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Cultural Diversity in Pharmacy: Opening Minds, Doors


By, Jeri J. Sias, PharmD; Caroline A. Gaither, PhD; Vibhuti Arya
Source: Journal of American Pharmacists Association



While attending pharmacy school and completing a residency, I remember the great impressions that my mentors in community pharmacy left with me. Their pharmacies were in the heart of each neighborhood and the pharmacists could often walk to work. They knew each patient who passed through the pharmacy entrance, where their children went to school, and what religious affiliations each family had. These pharmacy mentors were a part of the fabric of the community, working with local physicians and businesses, supporting local events, and serving as a trusted health care professional and community leader who could be accessible at almost any moment.

As I continued through my studies and began my professional career, I realized that these models of practices did not, and could not, exist in every neighborhood. Virtually every community in the United States has undergone changes in demographics, education and income levels, and health care/pharmacy access. Simply put, each ZIP Code looks different today than it did in the past. Many pharmacists face busy days of “doing pharmacy work” rather than “being” a pharmacist. Many commute to work, walk into the pharmacy, work all day, and then leave the neighborhood. They often have difficulty getting to know the patients, community members, and organizations that shape the neighborhoods in which they work.

U.S. census data show that the country has a rich diversity of races/ethnicities, income and education levels, and languages. Unfortunately, numerous health disparities also persist—often disproportionately in racial/ethnic minority communities. As such, the two primary Healthy People 2010 goals are to increase quality and years of healthy life and eliminate health disparities. Furthermore, the U.S. Department of Health and Human Services has identified six focus areas of health disparities for racial/ethnic minorities: infant mortality, cancer screening/management, cardiovascular disease, diabetes, human immunodeficiency virus (HIV) infections and acquired immunodeficiency syndrome (AIDS), and immunizations. Working in almost every neighborhood in our country, pharmacists have an opportunity to reclaim their role as community leaders and engage members of their communities in improving health care.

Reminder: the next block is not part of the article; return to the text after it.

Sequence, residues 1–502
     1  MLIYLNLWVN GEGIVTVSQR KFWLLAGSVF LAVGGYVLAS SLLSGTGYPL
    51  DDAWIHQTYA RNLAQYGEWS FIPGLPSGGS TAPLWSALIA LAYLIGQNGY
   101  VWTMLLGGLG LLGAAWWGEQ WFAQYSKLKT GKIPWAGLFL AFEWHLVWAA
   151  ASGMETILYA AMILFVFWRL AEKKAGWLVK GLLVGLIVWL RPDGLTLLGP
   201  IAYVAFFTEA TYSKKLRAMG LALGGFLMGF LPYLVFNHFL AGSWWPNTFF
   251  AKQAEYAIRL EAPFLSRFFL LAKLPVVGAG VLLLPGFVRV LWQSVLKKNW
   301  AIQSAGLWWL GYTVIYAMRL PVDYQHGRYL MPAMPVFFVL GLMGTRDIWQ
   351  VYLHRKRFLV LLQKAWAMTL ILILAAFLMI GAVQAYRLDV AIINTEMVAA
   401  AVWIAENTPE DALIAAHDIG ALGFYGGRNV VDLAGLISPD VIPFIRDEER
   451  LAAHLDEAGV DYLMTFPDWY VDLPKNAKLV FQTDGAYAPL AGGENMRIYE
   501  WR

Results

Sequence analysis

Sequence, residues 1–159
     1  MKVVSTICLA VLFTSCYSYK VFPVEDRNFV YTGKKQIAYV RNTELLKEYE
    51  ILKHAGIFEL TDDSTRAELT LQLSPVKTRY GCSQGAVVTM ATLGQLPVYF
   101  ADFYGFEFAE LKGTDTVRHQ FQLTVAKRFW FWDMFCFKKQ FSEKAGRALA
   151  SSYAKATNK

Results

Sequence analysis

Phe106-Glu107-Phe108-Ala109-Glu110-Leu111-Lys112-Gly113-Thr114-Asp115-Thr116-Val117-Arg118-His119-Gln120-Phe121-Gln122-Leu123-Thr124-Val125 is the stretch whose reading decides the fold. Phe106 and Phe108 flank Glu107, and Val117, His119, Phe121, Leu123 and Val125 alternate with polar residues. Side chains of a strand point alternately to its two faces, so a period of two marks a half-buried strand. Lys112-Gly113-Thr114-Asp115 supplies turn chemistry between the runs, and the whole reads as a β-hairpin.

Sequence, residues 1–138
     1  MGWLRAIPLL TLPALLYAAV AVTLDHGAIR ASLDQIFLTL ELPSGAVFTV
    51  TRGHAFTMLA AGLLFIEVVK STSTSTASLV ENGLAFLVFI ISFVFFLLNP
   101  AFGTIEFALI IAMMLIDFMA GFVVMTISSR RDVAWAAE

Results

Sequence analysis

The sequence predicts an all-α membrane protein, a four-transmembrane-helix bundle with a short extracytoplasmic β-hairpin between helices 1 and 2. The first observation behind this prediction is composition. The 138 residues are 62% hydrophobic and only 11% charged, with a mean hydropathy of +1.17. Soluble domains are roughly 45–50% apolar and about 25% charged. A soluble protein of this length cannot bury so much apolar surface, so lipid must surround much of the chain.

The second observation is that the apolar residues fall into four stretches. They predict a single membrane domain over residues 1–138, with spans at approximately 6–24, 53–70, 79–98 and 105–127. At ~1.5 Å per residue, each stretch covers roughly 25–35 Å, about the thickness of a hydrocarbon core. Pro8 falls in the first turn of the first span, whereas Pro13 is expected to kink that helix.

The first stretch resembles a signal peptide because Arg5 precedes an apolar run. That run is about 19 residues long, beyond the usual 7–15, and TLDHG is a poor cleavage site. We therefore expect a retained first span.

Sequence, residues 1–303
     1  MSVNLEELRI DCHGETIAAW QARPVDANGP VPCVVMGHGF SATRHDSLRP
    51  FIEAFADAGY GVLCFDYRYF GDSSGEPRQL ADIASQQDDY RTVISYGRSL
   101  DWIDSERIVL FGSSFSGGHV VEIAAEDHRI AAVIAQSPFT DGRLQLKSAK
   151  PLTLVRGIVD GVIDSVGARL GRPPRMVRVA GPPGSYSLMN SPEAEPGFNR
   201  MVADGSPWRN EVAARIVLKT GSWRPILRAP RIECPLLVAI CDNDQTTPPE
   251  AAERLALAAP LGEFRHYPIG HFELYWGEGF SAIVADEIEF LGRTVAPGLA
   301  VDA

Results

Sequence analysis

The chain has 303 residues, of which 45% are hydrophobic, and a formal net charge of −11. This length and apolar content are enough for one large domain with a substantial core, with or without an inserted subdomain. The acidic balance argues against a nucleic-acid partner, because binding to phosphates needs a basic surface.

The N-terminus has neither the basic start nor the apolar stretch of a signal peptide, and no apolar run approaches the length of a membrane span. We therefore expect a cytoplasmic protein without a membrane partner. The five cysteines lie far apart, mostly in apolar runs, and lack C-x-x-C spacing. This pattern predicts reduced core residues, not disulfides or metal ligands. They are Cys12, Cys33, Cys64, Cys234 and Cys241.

Getting Information Online
But how do you start? You may feel unsure of where to begin and how to open your pharmacy doors to changing neighborhoods. Or, you may have recently moved to a new community and are faced with patients who may not share your cultural experiences and values. During the past few years, one way that I have encouraged pharmacists and student pharmacists to relearn their communities is to use census data and the Internet. In these searches, modern technology can be used to gain information about local neighborhoods.

Here are a few steps to get started on a virtual search.

Step 1: Use U.S. Bureau of the Census search engines ( to obtain demographic information. Go to the Web page and enter the address or ZIP Code of the pharmacy. Analyze the demographics, languages, education, and other socioeconomic indicators. Compare these results with information about the rest of the town or city where the pharmacy is located.
After evaluating the collected information, determine how to strengthen pharmacy services. For example, Table 1 lists demographics for three urban, midwestern ZIP Codes. If you practice in a pharmacy in or near ZIP Code 1, you may determine that you may need to hire an interpreter and translator for your pharmacy because more than 25% of the community speaks a language other than English at home. If you practice at a pharmacy in ZIP Code 2, you will likely encounter patients who are have lower incomes, are less educated, and are slightly older, and these facts have implications for your pharmaceutical care and medication therapy management plans.

Because each ZIP Code includes unique racial/ethnic populations, the pharmacists working in these environments may need to learn more about the unique cultural values and health beliefs and practices for that community. For example, an Asian American pharmacist working in ZIP Code 2 may want to learn more about the African American culture.